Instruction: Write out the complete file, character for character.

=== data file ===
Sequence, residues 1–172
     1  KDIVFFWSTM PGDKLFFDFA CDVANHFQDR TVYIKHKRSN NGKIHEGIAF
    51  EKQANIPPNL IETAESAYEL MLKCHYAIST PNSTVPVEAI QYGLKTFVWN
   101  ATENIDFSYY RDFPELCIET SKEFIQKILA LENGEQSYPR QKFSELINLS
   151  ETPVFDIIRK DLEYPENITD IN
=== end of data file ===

Sequence, residues 1–172
     1  KDIVFFWSTM PGDKLFFDFA CDVANHFQDR TVYIKHKRSN NGKIHEGIAF
    51  EKQANIPPNL IETAESAYEL MLKCHYAIST PNSTVPVEAI QYGLKTFVWN
   101  ATENIDFSYY RDFPELCIET SKEFIQKILA LENGEQSYPR QKFSELINLS
   151  ETPVFDIIRK DLEYPENITD IN